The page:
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Beer

The Coronavirus Shutters Bru Handbuilt Ales & Eats in Boulder

The eight-year-old neighborhood brewpub, known for its inventive beers and brick-oven-fired bites, served its last pint on July 31.

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In 2016, when developers kicked out residents of a sprawling Boulder apartment complex in order to construct a new one, they nearly closed down one of the city’s best brewpubs, too. Bru Handbuilt Ales & Eats survived the hard hats, but not COVID-19.

On July 31, the brewery served its last pint and laid off its 18 employees, many of whom had been with the brewery since the day it opened. Ian Clark, Bru’s founder, brewer, and chef, is emotional when talking about his crew, which he refers to as family. “We are so lucky we were supported by Boulder,” Clark says. “We made it longer than most restaurants in the country.”

Since its opening in 2012, Bru flourished in a tiny strip mall on Arapahoe Avenue, serving inventive beers and a brick-oven-centered menu. But business cratered after those residents of the adjacent apartment complex, many of them Bru regulars, lost their homes in 2016 and loud, dusty construction clouded the restaurant’s sunny vibe.

When workers finally stopped swinging hammers in late 2019, residents moved into the new apartments and Bru’s business quickly started increasing. “We thought, We made it, we got through the construction that nearly destroyed us,” Clark says. “We took a deep breath. We could get back to building the business, rather than damage control.”

Then came stay-at-home orders in March, followed by myriad other COVID-19 ripple effects—in particular, Clark’s fear that opening for takeout and indoor dining could infect his staff and guests with the virus. Clark kept Bru closed for a few weeks, then decided to tip toe into the world of takeout growlers and pizzas. “We decided that takeaway was an approach that could keep everybody safe,” he says. “It was amazing. People came out in droves. It shows you how ingrained these places are in the community, in ways you don’t understand until you go away.”

But the novelty of take out eventually wore off, and traffic slowed. Clark and his team began thinking about the fall and what restaurants might look like as people begin dining indoors again—or not. A grim outlook, coupled with the building’s lease coming up for renewal, led Clark to pull the plug on his beloved brewpub.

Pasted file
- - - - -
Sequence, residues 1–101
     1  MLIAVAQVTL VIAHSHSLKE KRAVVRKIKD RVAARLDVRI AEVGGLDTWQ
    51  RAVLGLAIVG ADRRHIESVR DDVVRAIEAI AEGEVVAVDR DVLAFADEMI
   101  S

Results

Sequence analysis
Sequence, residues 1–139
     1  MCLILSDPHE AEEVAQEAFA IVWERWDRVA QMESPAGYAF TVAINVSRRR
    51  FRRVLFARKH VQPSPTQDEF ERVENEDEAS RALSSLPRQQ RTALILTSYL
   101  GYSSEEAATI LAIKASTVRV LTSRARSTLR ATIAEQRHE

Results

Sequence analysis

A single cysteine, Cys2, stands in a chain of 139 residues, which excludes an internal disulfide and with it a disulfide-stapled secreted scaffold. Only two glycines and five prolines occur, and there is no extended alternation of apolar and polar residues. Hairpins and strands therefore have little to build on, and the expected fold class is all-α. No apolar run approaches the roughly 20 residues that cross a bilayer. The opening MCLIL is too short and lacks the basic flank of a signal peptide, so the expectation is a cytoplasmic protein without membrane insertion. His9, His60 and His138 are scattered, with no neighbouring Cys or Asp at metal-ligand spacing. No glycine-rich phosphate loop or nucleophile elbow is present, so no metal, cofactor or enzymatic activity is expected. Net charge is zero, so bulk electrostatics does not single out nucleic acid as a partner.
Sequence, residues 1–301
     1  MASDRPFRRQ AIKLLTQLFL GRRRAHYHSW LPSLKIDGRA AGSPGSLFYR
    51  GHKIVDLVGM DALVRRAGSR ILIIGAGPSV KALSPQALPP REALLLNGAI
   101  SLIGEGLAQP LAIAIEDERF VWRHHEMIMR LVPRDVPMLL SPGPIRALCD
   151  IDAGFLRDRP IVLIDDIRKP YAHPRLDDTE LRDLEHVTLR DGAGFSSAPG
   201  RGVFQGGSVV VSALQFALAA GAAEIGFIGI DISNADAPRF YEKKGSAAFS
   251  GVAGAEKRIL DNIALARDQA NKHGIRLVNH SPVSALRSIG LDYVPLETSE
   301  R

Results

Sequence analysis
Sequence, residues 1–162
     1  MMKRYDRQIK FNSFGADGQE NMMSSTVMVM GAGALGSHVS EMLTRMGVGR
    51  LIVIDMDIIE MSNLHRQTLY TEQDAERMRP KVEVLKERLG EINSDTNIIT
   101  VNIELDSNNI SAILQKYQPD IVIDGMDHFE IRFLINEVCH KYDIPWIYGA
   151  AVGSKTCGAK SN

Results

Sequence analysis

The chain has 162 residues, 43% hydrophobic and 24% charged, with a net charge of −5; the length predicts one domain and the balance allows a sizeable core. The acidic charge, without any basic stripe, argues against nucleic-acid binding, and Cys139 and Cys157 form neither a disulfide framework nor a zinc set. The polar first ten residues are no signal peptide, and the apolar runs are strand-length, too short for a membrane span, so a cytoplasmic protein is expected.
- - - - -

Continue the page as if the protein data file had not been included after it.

Clark’s path to Boulder began in the 1990s, when the Maine native, then in high school, drove to Colorado with friends to ride at one of the city’s skate parks. Later, after culinary school in Vermont, Clark wandered the country, working in restaurants before returning to the Front Range. He cooked at Q’s at the Hotel Boulderado (now Spruce Fish & Farm), then joined the Big Red F Restaurant Group, which at the time owned Cafe Rumba (now Centro Mexican Kitchen), Jax Fish House & Oyster Bar, and the West End Tavern.

Bru chef and brewer Ian Clark. Photo courtesy of Bru Handbuilt Ales & Eats

And just as Colorado craft brewing was beginning to blossom, Clark caught the beer bug. At first Bru was a side hustle; Clark brewed beer in his garage for the West End. In 2012, his passion turned into a career when he opened the brick-and-mortar Bru.

From the beginning, the brewery’s tagline was “Handbuilt Ales & Eats,” a reflection of the work Clark put into Bru. Instead of hiring people to turn the building into a convivial space, Clark built the benches and tables, crafted the pub’s immense brick oven, and poured the concrete countertops himself.

Clark’s approach to beer and pub fare was also novel for the times. He used brewing components like hops and barley to enhance the sauces and condiments for Bru’s sandwiches, pizzas, and other dishes. And his beers were flavored with creative adjuncts including saffron, coriander, lemongrass, almonds, and black pepper. Bru was a neighborhood brewpub for food lovers—not a place to just polish off wings and fries while enjoying the tap list.

Bru’s core business relied on brewpub sales, so apart from a few one-offs, Clark never considered packaging his beer in bottles and cans. The brewery was too small for such a production, and distribution would mean holding fewer taps for guests. Clark says adding revenue from liquor store and restaurant accounts may have helped the business survive, but a brewery divided between on-site revenue and distribution wasn’t something he wanted.

Now that Bru is closed, Clark plans to embark on a road trip with his family to unwind—and likely do some soul searching about his next move. The 40-year-old hospitality veteran hopes for a future in restaurants, although he fears as many as half of them will close by the time the pandemic recedes.

The challenges Clark has faced in trying to sell Bru’s restaurant equipment drives that bleak prediction home. “You always look at your stuff—your expensive kitchen equipment—as your safety net,” he says. “You can at least resell it. But the market is flooded now. I’m not getting calls back from companies I have worked with for 20 years. They are inundated.”

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